History & hysteria behind Cinco de Mayo
Let’s start with the most important part of the history behind Cinco de Mayo. Contrary to popular belief, it is not Mexican Independence Day. It’s a day that has becomea symbolic holiday for Americans celebrating what they imagine to be the spirit of Mexico and Mexicans. It’s also a day that has exacerbated stereotypes of Mexicans and Mexican culture for too long. It’s because of the later reason that we choose to #CelebrateMexico within our space in the mango industry to help educate where we can, hopefully clearing up some misconceptions along the way.
Cinco de Mayo is barely a holiday in Mexico. It’s mostly celebrated in Puebla, as that’s where the Mexican Army defeated the French in the Battle of Puebla in 1862. In 1861, Napoleon III tried to carve an empire out of Mexican territory, and a well-armed French fleet entered into Veracruz and drove the Mexican government north into retreat.
The story goes like this; the French sent an army of over 6,000 troops into Puebla, in the hopes of crushing the retreated Mexican government. Mexican General Ignacio Zaragoza fortified the town in preparation for the French army’s arrival when word got out that the French were coming north. When the battle finally took place, it lasted less than 24 hours and resulted in a French retreat and more than 500 French soldiers lost. The battle was won with what was said to be less than 2,000 minimally (loyal) armed men, mostly of indigenous descent. Fewer than 100 Mexicans were killed in the clash.
The battle was not a super strategic win overall against the French, but it represented a great symbolic victory and bolstered the resistance movement. It gave the Mexican people not only a newfound sense of pride nationally, but the rest of the world began to take notice. In 1867, the French withdrew fully from Mexico. It certainly makes sense that this one battle gave rise to an energy that took on greater significance than the small battle itself. Some historians even argue this battle was significant in protecting the USA from later French invasions.
It was an important battle in a war lost, but how and why did this particular battle create such hysteria for Mexican food and drink and this May 5th date in the USA?
There is, of course, the obvious (and only a partial) answer…In 1846, the Mexican American war ended. Mexicans who chose to remain on USA soil suddenly became US citizens living under new customs, cultures and most importantly laws. The day became a way for them to celebrate Mexico and continue prior connections to language, customs, history and culture.
Most new Mexican-American populations were treated poorly socioeconomically. America has a deep history of racial injustice with or without land grabs. Celebrating the minor Pueblo battle was more an act of resistance in the face of a newfound disparity between being American and retaining connection to their Mexican homeland and heritage. Celebrating Mexico, rooted them in Mexico, regardless of where they lived.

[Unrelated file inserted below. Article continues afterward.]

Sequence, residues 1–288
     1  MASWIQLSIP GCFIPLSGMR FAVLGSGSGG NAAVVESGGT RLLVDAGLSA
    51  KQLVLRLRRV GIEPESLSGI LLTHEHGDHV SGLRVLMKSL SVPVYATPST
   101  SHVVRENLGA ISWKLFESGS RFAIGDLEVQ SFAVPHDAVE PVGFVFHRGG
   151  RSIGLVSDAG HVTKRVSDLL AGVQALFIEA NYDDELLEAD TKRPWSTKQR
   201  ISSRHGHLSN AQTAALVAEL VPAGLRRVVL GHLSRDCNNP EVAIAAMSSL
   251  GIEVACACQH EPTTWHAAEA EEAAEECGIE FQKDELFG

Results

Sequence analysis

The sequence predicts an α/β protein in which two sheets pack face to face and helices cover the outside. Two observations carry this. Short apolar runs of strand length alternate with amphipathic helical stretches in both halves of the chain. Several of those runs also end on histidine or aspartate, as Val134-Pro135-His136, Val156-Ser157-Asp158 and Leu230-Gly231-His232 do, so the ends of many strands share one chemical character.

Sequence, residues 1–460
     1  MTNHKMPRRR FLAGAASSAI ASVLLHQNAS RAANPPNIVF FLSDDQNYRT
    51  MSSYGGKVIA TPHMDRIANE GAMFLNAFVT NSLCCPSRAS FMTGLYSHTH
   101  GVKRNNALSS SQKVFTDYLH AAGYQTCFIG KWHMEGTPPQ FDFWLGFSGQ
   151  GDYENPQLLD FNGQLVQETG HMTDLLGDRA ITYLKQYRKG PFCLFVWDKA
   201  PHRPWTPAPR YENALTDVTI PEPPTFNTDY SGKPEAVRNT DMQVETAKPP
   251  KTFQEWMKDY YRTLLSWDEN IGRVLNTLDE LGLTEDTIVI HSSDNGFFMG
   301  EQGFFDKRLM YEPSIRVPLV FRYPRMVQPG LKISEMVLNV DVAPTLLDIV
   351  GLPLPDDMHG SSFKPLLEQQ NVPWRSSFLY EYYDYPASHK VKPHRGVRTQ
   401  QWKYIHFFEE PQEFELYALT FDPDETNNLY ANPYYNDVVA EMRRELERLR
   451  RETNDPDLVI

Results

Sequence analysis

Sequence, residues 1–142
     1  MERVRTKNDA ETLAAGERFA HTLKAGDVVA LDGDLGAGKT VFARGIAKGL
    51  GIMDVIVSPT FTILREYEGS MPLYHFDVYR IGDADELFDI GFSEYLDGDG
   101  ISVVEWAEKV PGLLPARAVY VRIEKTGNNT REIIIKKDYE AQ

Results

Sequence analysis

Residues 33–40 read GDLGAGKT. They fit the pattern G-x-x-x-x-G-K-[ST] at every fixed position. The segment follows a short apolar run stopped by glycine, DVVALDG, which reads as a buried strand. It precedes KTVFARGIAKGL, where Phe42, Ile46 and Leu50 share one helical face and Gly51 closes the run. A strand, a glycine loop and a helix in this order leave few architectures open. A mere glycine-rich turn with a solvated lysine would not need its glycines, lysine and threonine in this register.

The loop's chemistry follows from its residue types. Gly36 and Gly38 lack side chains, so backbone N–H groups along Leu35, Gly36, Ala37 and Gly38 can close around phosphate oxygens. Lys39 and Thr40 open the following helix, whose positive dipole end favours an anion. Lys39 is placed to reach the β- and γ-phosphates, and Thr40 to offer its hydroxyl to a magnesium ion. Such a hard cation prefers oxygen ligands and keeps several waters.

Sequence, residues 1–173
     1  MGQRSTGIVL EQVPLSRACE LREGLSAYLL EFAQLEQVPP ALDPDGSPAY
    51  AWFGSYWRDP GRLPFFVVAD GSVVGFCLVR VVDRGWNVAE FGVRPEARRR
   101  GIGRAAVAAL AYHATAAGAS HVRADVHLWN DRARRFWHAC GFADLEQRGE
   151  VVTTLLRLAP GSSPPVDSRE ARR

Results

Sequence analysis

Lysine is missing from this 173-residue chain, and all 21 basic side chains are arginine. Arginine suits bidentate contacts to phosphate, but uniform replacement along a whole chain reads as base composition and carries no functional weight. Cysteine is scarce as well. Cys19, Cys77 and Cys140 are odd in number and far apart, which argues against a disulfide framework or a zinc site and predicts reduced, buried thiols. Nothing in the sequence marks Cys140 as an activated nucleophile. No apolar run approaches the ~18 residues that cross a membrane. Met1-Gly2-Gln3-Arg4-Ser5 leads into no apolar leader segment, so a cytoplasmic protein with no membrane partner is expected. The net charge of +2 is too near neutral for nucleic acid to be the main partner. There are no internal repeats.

Also, many historical factoids credit the Chicano Movement (El Movimiento ), a sociopolitical resistance movement amongst people of Mexican descent, with bolstering this “holiday” even further. This is especially so in cities like Los Angeles and Chicago. Again, resistance being the theme that often bound the Mexican-American populations together in history and celebration. Resistance to give up their heritage.
How the holiday went from something about Mexican pride and culture to a sombrero-wearing booze fest, I’d like to say, is beyond me. But I’d argue that losing connection to history and origin is part of the American way – in order to commercialize it. And commercialize it we did. In many places, it has become a horrible boozy celebration of nothing more than selling things at the expense of Mexicans, using stereotypes and misconceptions.
We’d like to take the day back and remember its roots in the resistance. Our mission is not just about increasing production and consumption of Mexican organic mangoes, but it’s also to raise awareness on the Mexican farming industry, to help foster respect and admiration for Mexican people and cultures, and to develop sustainable agricultural markets for our Mexican land and people.
This date feels like an opportunity for us. It’s not just an opportunity to sell more mangoes but to #CelebrateMexico and our rich history of resistance to that which does not benefit our communities and our planet. We can only do that by placing a high value on the education sector of our business, knowing that our position in the industry is one we want to use wisely for communities on both sides of the border. We encourage our industry and our news publications to do the same.
Mexican culture is rich in celebration of its heritage, deeply rooted in respect for people and traditions. It’s place of importance in history/in farming, as one of the cradles of human agriculture, continues to exist, which is why building long term sustainable agricultural models that support Mexican people and land are important for both Mexicans and Americans. This is also the reason we fully support the building of more direct trade systems of marketing for Mexican agricultural communities.
We take the job of educators, innovators and motivators seriously. There must be a shared and equal vision of health and prosperity for all, not only in mangoes and produce but in life.
I highly recommend reading this article for more in-depth ideas on the topic.